The situation changes, however, when the same people move to a society that imposes nothing worse than a prison sentence on violent criminals and no punishment at all on their families. The result? In France, between 60 and 70% of prison inmates are Muslims, mostly from North or West Africa, although they make up only 12% of the total population (Moore, 2008). In Spain, they account for 70% of prison inmates but only 2.3% of the total population (WikiIslam, 2013). In Belgium, they make up 45% of prison inmates (Sudinfo.be, 2013). In all three cases, “Muslim” is a rough proxy for “people from clan-based societies that have been weakly pacified by a higher authority.” This proxy has the disadvantage of excluding some groups that shouldn’t be excluded (Christians and animists from parts of Africa). It also applies more to some Muslim groups (e.g., Somalis, Afghans) than to others (e.g., Egyptians).
It is difficult to discuss the above prison data in polite society. One has the impression of breaking a taboo, of saying something reprehensible. In polite society, violence is a last resort and done only under duress. Surely, those facts are exaggerated, if not fraudulent.
Yet the prison data actually understate the problem. Most acts of immigrant violence go unreported, and when reported they often go unpunished. The most flagrant examples are provided by the recent riots in London, Malmö, and the suburbs of many French cities:
Despite the scale of the damage, French police have hesitated to make any arrests for fear of sparking more riots. Residents of the neighborhood know the names of the perpetrators but "nobody dares to speak for fear of reprisals." "You can no longer order a pizza or get a doctor to come to the house." (Kern, 2012)
The riots nonetheless account for only a small part of the underreporting and underpunishment. In England, France, the Netherlands, Norway, and Sweden, there are now many ‘no-go areas’ or zones de sécurité prioritaires where the police go intermittently or not at all.
Pierre-André is to be commended for criticizing the double standard that governs discussion of interracial violence. Nonetheless, this double standard is not wholly unwarranted. When Whites are the victims, the motives are less apparent, often being only a perception that Whites are easy targets. Even when the motives are clearly racial, if not racist, it’s unclear how they can be eliminated. Antiracist education would be of little use. Most of the educational material has been designed for Whites, with a view to making them feel guilty about the injustices they and their ancestors have done to non-Whites. If the target audience is now Muslim and African, we might get the reverse of what we want. We could actually end up inciting race hatred.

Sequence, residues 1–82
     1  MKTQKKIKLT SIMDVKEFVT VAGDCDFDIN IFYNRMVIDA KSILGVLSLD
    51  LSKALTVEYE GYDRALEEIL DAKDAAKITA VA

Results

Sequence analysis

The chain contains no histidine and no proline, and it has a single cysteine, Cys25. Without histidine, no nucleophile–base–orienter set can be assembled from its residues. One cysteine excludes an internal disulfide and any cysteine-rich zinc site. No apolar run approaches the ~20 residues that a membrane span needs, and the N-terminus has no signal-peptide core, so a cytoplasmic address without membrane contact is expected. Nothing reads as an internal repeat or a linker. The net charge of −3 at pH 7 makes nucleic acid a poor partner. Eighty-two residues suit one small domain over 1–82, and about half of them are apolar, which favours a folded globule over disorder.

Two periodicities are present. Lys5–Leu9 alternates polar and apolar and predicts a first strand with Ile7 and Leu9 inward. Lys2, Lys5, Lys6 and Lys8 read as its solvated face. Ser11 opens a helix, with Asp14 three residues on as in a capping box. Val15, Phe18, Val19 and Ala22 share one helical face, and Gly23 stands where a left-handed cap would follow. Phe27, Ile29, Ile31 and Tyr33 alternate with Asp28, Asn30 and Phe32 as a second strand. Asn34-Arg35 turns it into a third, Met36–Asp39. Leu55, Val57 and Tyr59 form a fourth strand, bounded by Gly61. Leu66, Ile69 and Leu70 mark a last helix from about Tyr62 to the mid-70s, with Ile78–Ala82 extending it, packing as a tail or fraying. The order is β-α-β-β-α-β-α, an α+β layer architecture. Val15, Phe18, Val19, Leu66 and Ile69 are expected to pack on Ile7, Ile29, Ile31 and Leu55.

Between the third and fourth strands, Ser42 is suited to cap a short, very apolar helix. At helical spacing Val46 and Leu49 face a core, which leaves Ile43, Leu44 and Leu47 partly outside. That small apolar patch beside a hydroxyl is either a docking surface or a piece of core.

Yes, more balanced educational material could be produced, but how effective would it be anyway? Would appeals to feelings of guilt have the same effect on people who make less use of guilt in their own cultures to restrain wrong behavior? And who furthermore tend to define “wrong behavior” in non-universalistic terms, i.e., as whatever is bad for their own group? In any case, wouldn’t the target audience perceive such education as just “enemy” propaganda? Keep in mind that a low-grade insurrection is already brewing in many Afro-Muslim communities of Western Europe.
So what will be done? I suspect antiracists will acknowledge the existence of anti-White racism and take some steps to fight it, if only to remain credible. We’ll then see frantic searches for the masterminds behind such violence (Islamists? Cultural Marxists?). By and large, this ‘reformed antiracism’ will come to nothing.
The situation is eerily similar to that of Eastern Europe in the 1980s. Minor reforms produced disappointing results and tended to make other problems worse. Major reforms were not attempted because they might get out of hand … as they eventually did. So a consensus developed to muddle on, in the hope that things would sort themselves out … which they didn’t.
Kern, S. (2012). France seeks to reclaim ‘No-Go’ zones, August 24, Gatestone Institute,http://www.gatestoneinstitute.org/3305/france-no-go-zones
Sudinfo.be (2013). 45% des détenus des prisons belges sont de confession musulmane, Sudinfo.be, May 23http://www.sudinfo.be/726092/article/actualite/belgique/2013-05-17/45-des-detenus-des-prisons-belges-sont-de-confession-musulmane
Moore, M. (2008). In France, prisons filled with Muslims, The Washington Post, April 29http://www.washingtonpost.com/wp-dyn/content/article/2008/04/28/AR2008042802560.html?hpid=topnews
Taguieff, P-A. (2013b). Dictionnaire historique et critique du racisme, Paris: PUF.
Taguieff, P. (2013a). Le racisme aujourd'hui, une vue d'ensemble, Le Huffington Post, May 21,
WikiIslam (2013). Muslim Statistics (Population)http://wikiislam.net/wiki/Muslim_Statistics_%28Population%29#Spain